Clinton Avenue Bike Lane Proposal Mired in Politics and Confusion

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Envisioned reconstruction of Clinton Avenue.

By Kings County Politics News Service

Envisioned  reconstruction of Clinton Avenue.
Envisioned reconstruction of Clinton Avenue.

A controversial proposal to narrow Clinton Avenue from Gates to Flushing Avenues from a two-lane motorist roadway to a one-way northbound street and adding two-way bike lanes has many in the Fort Greene/Clinton Hill area up in arms.

 

The Department of Transportation first floated the proposal earlier this spring, which would also see a parking lane and a pedestrian island with a minimal loss of parking spaces.

 

Under the proposal, drivers would be encouraged to use neighboring two-way and southbound streets like Adelphi Street, Vanderbilt Avenue, Waverly Avenue, Washington Avenue and Hall Street.

 

The new bike lane would add 2.2 miles to the bike network and provide a continuous connection between Clinton Hill and the Brooklyn Waterfront Greenway, according to the DOT.

 

While a DOT street team was in the neighborhood for six days last month to survey residents and give away free bike accessories, there has been a lot of pushback from residents, according to Public Advocate Letitia James, who formerly represented the neighborhood in the City Council.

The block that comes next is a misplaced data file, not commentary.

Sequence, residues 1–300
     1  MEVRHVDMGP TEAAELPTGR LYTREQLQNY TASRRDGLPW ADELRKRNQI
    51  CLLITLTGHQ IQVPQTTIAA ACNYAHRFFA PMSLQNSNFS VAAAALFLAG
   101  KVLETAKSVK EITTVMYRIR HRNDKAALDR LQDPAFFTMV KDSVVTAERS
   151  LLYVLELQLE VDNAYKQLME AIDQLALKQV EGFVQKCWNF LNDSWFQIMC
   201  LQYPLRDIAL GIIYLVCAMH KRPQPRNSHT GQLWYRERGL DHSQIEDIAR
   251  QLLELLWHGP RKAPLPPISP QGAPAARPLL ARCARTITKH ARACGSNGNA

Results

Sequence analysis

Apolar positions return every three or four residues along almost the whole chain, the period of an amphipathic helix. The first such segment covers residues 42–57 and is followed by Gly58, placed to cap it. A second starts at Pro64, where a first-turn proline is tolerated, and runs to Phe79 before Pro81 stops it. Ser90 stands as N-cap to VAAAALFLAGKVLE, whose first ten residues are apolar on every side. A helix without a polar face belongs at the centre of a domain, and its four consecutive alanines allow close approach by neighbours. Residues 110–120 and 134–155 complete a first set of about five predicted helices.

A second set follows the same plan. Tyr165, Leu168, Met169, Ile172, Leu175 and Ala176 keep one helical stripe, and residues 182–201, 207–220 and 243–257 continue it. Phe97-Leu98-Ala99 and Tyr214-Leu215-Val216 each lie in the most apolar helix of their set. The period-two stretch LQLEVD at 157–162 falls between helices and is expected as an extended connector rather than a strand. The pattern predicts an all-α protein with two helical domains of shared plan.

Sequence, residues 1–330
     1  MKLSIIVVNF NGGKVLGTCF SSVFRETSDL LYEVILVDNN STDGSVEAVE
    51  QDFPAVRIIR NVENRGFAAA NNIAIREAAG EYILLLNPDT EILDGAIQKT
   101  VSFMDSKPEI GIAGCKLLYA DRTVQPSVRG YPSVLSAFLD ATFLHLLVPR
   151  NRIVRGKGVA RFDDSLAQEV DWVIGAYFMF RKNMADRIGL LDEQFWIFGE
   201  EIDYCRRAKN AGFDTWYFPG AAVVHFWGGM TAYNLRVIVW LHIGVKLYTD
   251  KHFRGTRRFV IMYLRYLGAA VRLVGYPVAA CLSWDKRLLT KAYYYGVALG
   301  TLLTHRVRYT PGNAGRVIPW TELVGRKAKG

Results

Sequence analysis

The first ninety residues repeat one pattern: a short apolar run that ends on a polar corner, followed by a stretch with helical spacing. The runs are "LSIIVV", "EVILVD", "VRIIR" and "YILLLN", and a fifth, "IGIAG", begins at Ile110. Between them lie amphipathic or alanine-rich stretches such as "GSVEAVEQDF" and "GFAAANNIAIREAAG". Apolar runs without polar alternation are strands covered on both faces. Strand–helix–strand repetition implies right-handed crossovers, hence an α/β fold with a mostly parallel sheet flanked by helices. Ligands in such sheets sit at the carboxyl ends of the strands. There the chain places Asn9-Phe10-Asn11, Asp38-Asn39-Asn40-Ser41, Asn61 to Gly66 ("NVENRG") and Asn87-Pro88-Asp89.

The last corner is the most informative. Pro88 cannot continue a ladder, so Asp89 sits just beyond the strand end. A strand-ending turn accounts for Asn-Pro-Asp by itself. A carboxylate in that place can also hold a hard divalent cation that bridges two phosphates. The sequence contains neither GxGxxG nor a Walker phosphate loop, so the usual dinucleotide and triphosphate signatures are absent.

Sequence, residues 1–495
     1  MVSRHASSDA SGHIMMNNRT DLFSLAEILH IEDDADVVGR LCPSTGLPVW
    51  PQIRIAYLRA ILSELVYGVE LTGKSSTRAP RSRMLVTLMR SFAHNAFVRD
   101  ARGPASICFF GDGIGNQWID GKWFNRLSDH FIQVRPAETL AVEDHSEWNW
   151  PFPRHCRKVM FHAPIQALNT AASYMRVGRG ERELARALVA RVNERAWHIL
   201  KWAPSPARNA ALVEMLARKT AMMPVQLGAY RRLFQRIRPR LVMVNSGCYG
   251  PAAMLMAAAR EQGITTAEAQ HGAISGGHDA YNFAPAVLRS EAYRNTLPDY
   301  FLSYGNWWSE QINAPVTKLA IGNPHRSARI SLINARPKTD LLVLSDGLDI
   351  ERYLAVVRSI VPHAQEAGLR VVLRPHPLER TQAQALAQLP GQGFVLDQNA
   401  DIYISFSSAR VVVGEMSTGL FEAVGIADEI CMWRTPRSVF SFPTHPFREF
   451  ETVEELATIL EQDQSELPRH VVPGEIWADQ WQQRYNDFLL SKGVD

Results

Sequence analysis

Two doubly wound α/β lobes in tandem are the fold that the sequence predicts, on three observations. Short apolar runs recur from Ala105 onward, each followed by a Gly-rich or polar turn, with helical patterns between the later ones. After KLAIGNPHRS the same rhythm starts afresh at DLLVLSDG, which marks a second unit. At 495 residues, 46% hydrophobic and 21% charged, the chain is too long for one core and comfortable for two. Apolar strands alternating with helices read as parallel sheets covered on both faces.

“Residents are up in arms. They have been contacting me left and right. I don’t know whether or not this is appropriate. Right now, I’m moving towards opposing it,” said James.

 

“I have supported bike lanes all throughout my career. I supported the Lafayette Avenue bike lane. I’ve been very supportive of Citi Bikes in the city and to maintain them in my former district, but as more and more residents contact me expressing their concerns I  just don’t believe it’s in the best interests of the residents of Fort Greene and Clinton Hill,” she added.

 

Senator Velmanette Montgomery is also not enthusiastic about the plan, according to her spokesperson Jim Vogel.

 

“It sounds like an example of people who actually live in the neighborhood aren’t in favor of it, while the people in favor of it, Transportation Alternatives, whom we love dearly, don’t even know where it (Clinton Avenue) is,” said Vogel.

 

Vogel said part of the problem is Clinton Avenue is a highly residential thoroughfare that often gets deliveries from companies like Fresh Direct, which with a narrower street, has a greater potential to snarl up traffic.

 

The only people from the neighborhood that seem in favor of it are only in favor of the concept, but there’s a lot of unanswered questions, said Vogel.

 

Adding to the confusion is tonight’s regularly scheduled Community Board 2 Transportation Committee will take up the issue as part of their regular agenda, but it is being billed as a Town Hall meeting expressly to address the Clinton Avenue issue.

 

According to an e-mailed flier, the Town Hall meeting will include Assembly member Walter Mosley, Congressman Hakeem Jeffries, Montgomery and current City Council member Laurie Cumbo.

 

Cumbo has not taken a position on the issue as of yet. She plans to attend the Town Hall meeting in order to inform her decision, said Cumbo spokesperson Kristia Beaubrun.

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